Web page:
But on the other hand, some conflict is your company’s secret sauce – and you’d be rewarded by paying attention to it. You need to be able to ask the question, is this particular head but a handbrake or an opportunity? If it’s the latter, use all of your EQ and resources available to transform these differences of opinion into creative tension that fuels the organisation forward. A good leader understands that there actually is an “I” in team. But, at the same time, the team only works best when divergent skills and personalities are given room to operate collaboratively, in a way that works best for them.

Turn your resistance into opportunity

In his HBR article, writer and Innovations Editor Philip Auerswald writes about how even the underdog can push back the onslaught of incumbent resistance and come out on top, by making the competition the enemy and your cause the venerable hero. As Auerswald put it, “The more disruptive your innovation, the more your success needs to look like the creation of a political movement.”

Thankyou is a social enterprise that understands this concept pretty well. “We wanted to tackle a huge global problem (lack of clean water) with a huge global product, and the product to get us there was bottled water,” says Daniel Flynn, its co-founder. “We felt the link was very important for customers: buying water and funding water, and buying food and funding food, and so on.” Ahead of a big meeting with Australian chainstore 7-Eleven, Thankyou went public and asked fans to jump onto 7-Eleven’s wall and tell them that if they stocked Thankyou water, they’d buy it. The gamble worked and Thankyou water was on 7-Eleven shelves within weeks.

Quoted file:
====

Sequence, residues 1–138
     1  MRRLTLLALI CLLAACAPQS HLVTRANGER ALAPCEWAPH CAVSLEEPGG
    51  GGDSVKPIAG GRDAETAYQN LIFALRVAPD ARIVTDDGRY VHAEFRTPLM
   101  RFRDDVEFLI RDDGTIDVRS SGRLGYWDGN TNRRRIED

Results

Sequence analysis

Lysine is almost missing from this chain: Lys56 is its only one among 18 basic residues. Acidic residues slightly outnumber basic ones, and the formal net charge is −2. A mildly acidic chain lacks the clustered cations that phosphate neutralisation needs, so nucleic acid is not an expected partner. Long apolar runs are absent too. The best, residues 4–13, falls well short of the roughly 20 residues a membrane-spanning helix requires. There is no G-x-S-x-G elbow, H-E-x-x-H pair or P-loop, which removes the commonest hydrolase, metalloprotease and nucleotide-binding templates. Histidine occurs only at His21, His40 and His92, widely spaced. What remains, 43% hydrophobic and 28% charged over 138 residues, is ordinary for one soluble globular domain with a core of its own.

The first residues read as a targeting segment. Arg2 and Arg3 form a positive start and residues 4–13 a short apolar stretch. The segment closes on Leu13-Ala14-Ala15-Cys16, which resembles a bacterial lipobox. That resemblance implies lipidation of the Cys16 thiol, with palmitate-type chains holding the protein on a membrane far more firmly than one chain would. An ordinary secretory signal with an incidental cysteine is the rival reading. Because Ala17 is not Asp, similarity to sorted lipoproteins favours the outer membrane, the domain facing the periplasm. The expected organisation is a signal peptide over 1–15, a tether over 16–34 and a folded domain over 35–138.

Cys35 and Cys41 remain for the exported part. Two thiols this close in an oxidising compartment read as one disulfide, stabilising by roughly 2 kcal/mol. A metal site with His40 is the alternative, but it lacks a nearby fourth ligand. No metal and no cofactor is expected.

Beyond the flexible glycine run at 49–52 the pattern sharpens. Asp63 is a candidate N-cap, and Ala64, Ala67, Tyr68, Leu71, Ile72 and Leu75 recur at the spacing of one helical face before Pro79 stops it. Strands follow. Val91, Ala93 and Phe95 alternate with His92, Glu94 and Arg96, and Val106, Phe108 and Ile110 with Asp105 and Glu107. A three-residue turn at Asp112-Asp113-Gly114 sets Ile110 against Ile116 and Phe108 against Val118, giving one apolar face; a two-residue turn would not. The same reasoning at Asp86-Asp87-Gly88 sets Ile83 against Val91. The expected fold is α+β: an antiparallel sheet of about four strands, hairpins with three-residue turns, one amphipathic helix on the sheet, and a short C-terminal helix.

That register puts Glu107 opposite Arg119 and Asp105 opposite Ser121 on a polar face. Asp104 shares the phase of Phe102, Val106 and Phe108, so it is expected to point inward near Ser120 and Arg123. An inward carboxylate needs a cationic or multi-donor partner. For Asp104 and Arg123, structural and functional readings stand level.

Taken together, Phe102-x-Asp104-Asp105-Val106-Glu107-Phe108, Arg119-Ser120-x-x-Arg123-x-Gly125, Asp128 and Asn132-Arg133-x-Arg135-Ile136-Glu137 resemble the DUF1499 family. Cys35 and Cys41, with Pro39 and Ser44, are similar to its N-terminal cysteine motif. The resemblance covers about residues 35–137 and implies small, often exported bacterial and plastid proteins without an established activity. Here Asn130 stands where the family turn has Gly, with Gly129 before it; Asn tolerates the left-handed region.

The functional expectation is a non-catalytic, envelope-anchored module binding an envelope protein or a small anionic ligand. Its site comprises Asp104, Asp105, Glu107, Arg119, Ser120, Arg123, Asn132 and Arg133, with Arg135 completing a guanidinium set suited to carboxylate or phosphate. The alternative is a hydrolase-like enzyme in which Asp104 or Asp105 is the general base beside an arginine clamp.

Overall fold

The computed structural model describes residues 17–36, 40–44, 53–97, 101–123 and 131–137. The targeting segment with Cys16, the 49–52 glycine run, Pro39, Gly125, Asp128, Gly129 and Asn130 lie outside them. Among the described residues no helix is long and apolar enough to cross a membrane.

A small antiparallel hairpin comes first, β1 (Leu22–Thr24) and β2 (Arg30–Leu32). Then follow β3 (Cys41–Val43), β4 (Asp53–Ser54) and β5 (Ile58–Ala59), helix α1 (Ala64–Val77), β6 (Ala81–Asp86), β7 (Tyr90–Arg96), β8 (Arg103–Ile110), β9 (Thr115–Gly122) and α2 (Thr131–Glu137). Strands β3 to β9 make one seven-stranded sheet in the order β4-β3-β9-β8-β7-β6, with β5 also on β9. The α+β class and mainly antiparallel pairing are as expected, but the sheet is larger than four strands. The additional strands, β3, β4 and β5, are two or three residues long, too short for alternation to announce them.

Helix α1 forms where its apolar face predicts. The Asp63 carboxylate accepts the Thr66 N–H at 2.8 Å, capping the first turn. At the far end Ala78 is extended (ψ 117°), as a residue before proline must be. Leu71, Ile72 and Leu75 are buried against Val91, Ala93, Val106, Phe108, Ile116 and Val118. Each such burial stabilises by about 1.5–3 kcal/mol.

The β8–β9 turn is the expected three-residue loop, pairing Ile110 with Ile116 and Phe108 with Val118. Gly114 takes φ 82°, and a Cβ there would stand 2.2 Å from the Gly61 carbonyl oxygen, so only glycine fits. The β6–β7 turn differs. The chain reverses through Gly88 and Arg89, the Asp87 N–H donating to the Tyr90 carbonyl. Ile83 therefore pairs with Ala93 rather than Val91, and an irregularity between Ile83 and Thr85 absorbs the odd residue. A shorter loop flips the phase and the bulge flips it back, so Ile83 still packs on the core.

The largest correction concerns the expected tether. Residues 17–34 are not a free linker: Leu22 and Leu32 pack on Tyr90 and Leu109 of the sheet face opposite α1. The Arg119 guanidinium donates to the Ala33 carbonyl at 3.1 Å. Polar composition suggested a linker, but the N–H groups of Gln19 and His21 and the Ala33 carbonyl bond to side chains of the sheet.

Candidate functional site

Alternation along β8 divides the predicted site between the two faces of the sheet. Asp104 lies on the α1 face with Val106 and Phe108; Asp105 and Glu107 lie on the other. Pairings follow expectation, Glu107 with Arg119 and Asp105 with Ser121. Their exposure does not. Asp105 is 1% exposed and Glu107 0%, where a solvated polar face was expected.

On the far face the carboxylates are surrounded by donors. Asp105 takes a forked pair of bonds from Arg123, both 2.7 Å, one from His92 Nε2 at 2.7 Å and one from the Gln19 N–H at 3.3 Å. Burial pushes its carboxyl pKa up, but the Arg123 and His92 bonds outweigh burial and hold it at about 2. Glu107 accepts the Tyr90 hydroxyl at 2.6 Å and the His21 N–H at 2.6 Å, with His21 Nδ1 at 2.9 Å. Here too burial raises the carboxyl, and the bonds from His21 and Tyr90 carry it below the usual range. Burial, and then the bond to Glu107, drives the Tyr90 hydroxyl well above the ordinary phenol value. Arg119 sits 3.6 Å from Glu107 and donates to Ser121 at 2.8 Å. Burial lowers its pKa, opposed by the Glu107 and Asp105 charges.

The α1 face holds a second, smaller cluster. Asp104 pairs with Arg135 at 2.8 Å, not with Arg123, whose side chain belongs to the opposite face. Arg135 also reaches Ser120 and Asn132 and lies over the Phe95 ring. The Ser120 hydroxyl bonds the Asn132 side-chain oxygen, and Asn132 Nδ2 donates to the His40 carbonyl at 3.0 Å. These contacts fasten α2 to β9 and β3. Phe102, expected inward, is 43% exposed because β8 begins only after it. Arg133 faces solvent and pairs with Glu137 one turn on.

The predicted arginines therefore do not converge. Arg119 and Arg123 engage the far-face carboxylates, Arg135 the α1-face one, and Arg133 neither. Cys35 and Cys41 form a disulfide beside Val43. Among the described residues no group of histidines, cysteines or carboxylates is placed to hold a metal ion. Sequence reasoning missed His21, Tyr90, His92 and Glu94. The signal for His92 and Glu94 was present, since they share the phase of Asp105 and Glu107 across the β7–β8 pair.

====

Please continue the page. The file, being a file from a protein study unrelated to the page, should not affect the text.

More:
But to win over the bigger retail giants with similar food and body care products would take far more daring. In their six-minute video on YouTube, they told fans that they wanted to present to Coles and Woolies. It was viewed 80,000 in two weeks. They also convinced donors to fund two helicopters to fly around Coles and Woolworths’ head offices carrying a ten thousand square foot sign which read: “Dear Coles / Woolworths, Thankyou for changing the world! (if you say yes)”. The rest, as they say, is history with the startup having raised $2.5 million to give 150,000 people access to water, and 190,000 access to hygiene and sanitation, as well as 12.1 million days’ worth of food aid in 16 countries in six and a half years.

Good leaders understand that ideas wait for no one, and when they come, it’s our job to pull them down into reality. As designer Charlie Wollberg says, “If you don’t bring that idea to life, it’ll go out and inspire someone else. Because even if people like to wait, the ideas don’t like to.”

Get comfortable with being uncomfortable

In a constant world of disruptive overhaul, we need to sidle up to friction and get comfortable with critique. Ticking people off is not something to aim for, but it’s often a vital part of moving forward – and will help reveal who you’re moving forward with. The point is to accept that it’s going to be a part of where you’re headed. After all, if you’re not ticking anyone off – perhaps you should be!


Aurecon’s award-winning blog, Just Imagine provides a glimpse into the future for curious readers, exploring ideas that are probable, possible and for the imagination.